GBA Logo horizontal Facebook LinkedIn Email Pinterest Twitter Instagram YouTube Icon Navigation Search Icon Main Search Icon Video Play Icon Plus Icon Minus Icon Picture icon Hamburger Icon Close Icon Sorted

Community and Q&A

Cathedral ceiling rafter cavity and insulation

Smith6 | Posted in Green Building Techniques on

I am trying to figure out how best to use Rock Wool in my cathedral ceiling with the space that I have. I am using 2 x 12 rafters. I am not using spray foam. I was going to build my vent baffle from xps sheets for a 1″ air space sub roof sheathing…I was even willing to shrink that space down if needed. I live in zone 3 and would like at least R-35. So with my rafter space I start out with 11 1/2″ inches. No matter how I figure it with rock wool batting, I either end up with 2″ of dead air space that should be filled with something or 1/4″ too much for the space. My main question is, can you slightly compress (1/4″) the rock wool insulation to fit the cavity,or does it have too much density, and would you compromise the insulation value too much?
I know there are a million and one ways to fill that space, but I was looking for the best method with rock wool, with the least amount of steps.

GBA Prime

Join the leading community of building science experts

Become a GBA Prime member and get instant access to the latest developments in green building, research, and reports from the field.


  1. GBA Editor
    Martin Holladay | | #1

    Your air space needs to be at least 1 inch deep to meet code (although 1.5 inch or 2 inches is better).

    Your baffle can be quite thin if you use cardboard, luaun plywood, or an AccuVent plastic baffle.

    As long as you are using ordinary mineral wool batts, and not one of the denser board-like products, mineral wool is quite compressible.

    For more information on these issues, see these articles:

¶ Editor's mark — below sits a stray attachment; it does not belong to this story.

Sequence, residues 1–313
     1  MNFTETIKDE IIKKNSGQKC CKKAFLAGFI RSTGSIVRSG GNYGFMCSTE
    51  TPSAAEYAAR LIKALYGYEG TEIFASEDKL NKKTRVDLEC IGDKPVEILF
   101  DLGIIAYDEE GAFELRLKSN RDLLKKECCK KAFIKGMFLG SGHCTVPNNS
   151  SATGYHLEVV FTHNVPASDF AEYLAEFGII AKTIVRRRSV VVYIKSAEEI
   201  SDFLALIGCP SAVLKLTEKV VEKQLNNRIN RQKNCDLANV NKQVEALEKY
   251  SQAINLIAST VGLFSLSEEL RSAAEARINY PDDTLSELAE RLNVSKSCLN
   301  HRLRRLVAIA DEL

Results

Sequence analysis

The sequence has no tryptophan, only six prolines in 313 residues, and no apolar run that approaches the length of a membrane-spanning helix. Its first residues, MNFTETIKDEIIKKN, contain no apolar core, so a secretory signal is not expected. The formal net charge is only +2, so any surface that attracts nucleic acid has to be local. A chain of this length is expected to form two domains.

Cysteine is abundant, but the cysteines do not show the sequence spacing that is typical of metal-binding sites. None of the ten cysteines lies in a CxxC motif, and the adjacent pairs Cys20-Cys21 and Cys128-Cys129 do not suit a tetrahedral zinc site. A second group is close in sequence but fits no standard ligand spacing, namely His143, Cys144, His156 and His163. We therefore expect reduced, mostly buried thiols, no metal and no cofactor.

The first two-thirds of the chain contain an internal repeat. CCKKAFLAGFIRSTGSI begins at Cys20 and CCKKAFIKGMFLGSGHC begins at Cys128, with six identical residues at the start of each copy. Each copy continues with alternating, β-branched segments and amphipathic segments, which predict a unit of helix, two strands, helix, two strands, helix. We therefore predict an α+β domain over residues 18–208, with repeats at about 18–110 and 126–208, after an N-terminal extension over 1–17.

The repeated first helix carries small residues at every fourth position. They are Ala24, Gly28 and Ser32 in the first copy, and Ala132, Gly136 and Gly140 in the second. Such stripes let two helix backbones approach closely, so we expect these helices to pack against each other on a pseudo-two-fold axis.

How to Build an Insulated Cathedral Ceiling

    Site-Built Ventilation Baffles for Roofs

  2. Dana1 | | #2

    A 2" vent space is fine- better than the 1" code minimum, especially on lower sloped roofs.

    An R30 rock wool batt is 7.25" thick, adding 3" of polyiso would still leave you over an inch, and would bring the center cavity R to R48- better than the R38 code min for zone 3. If you used 3" foil faced EPS for the baffle you'd still be over R40. Low density Type-I foil faced EPS is pretty cheap stuff, and even at 2" you would come close to R38 when paired with an R30 batt.

    Don't build the baffles with XPS, which is climate damaging due to the blowing agents used in it's manufacture, and would need to be at least an inch thick (R5) to meet code prescriptives for dew point control when placed on the exterior side of the fiber layer:

    With 2-3" foil faced polyiso or foil faced EPS and foil-clad roof decking you would get a decent performance benefit out of the foil facers, and have a bit of margin on the Chapter 8 prescriptive.

    Not that you'll need to, but compressing batts is fine- the rock wool would gain a bit in R/inch terms, but lose slightly on total R for that layer.

Log in or create an account to post an answer.


Recent Questions and Replies

  • |
  • |
  • |
  • |